One Step Below The Angels (1 of 8) by Jeff Strite
This content is part of a series.One Step Below The Angels (1 of 8)
Series: Purpose Driven Life
OPEN: I read the true story about a 6-year-old who called his mother from his friend Charlie's house. Apparently, he and his friend had been playing in the living room and tossing around a football... when they broke a lamp.
His mother was understandably distraught, and he attempted to comfort her with these words: "But, Mom, you don't have to worry about buying another one. Charlie's mother said it was irreplaceable."
APPLY: Irreplaceable... Well, we all know what that meant. It was highly valuable piece of furniture. Perhaps it was because it was a family heirloom, or perhaps because it was an antique worth thousands of dollars. But whatever the reason for its value... it was irreplaceable, priceless.
But to the mind of that little boy the term "irreplaceable" meant that it didn't have to be replaced. It had no value beyond its being just a lamp. As long as it functioned, it had value... otherwise, no.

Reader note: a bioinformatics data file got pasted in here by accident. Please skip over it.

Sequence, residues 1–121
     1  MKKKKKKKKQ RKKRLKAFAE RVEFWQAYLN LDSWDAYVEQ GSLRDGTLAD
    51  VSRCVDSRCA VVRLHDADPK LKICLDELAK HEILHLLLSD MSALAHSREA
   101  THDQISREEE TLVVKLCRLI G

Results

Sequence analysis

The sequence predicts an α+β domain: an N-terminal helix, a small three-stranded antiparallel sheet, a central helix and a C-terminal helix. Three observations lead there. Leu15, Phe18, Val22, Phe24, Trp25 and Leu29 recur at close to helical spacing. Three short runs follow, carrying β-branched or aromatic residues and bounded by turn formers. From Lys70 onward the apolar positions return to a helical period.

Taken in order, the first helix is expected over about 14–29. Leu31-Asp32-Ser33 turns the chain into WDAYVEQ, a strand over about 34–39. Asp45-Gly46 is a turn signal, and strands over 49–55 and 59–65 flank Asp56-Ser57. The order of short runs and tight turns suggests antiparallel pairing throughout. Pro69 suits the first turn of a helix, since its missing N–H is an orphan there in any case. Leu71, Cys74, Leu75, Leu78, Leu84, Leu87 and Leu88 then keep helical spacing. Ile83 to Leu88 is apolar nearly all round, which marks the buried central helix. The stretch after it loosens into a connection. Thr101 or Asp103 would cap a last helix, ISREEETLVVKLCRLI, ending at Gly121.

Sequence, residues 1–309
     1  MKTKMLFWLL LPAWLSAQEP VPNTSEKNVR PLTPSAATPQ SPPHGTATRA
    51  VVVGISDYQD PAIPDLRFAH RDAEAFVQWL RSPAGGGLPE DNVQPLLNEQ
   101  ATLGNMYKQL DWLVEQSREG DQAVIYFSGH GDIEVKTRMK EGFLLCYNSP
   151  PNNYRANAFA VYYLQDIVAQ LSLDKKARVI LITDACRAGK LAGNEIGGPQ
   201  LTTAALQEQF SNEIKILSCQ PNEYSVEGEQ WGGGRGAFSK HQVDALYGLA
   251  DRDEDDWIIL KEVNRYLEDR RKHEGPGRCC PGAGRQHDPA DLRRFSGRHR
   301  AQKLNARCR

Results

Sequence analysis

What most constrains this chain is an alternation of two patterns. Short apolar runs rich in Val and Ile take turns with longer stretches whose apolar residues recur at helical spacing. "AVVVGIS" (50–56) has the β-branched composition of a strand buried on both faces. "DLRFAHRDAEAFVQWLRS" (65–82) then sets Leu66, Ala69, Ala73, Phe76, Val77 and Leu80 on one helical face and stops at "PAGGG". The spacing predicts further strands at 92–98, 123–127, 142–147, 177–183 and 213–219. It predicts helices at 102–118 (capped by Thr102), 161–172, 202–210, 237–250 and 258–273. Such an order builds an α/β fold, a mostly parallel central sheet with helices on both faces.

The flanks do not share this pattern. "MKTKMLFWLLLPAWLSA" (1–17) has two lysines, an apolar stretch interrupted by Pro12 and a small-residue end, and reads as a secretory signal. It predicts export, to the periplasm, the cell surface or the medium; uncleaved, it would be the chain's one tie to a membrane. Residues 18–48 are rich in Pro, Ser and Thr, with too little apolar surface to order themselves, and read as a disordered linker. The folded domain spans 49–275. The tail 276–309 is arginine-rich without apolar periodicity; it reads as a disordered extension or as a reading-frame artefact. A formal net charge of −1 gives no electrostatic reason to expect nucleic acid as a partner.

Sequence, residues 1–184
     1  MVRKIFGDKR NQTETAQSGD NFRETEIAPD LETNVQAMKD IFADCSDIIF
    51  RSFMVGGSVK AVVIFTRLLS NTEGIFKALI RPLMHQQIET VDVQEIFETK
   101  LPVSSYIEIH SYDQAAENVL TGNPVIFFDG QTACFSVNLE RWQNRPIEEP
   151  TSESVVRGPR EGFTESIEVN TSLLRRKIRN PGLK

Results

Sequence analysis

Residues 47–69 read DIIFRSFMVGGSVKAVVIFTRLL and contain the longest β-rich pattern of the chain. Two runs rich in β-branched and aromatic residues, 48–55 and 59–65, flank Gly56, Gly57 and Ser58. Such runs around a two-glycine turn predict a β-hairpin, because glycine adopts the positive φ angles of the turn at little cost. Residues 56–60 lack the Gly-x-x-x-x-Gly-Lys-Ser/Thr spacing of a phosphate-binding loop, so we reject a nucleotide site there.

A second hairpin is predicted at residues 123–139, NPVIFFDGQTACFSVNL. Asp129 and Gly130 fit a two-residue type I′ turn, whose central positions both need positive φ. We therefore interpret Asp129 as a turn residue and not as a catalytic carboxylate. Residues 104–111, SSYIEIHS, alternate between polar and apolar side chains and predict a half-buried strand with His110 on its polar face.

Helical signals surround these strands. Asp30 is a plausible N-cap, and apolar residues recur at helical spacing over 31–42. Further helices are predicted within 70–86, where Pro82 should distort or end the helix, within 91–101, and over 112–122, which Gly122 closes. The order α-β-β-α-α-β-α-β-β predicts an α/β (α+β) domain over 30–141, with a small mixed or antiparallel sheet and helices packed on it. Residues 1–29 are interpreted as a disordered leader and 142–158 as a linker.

ILLUS: Before I went to Bible College, I spent a couple of years going to Purdue University. My brother had said it would be a valuable experience and dad was willing to pay - so I went. While I was there, I received a very special education.
Initially, I thought Psychology would be interesting. I liked my first class and found it interesting. The teacher was a very compassionate woman who made the course interesting. But about half way thru the course I was shocked by the way in which psychology apparently viewed mankind. The textbook likened men and women to machines. The author seemed to believe that if you pushed the right buttons and pulled the right switches, you could get people to do just about anything you wanted. The purpose of psychology (according to this textbook) was to find those buttons and switches so that mankind could be programmed to be better people.
That troubled me, so I switched to Sociology (because I thought that maybe they'd hav ...
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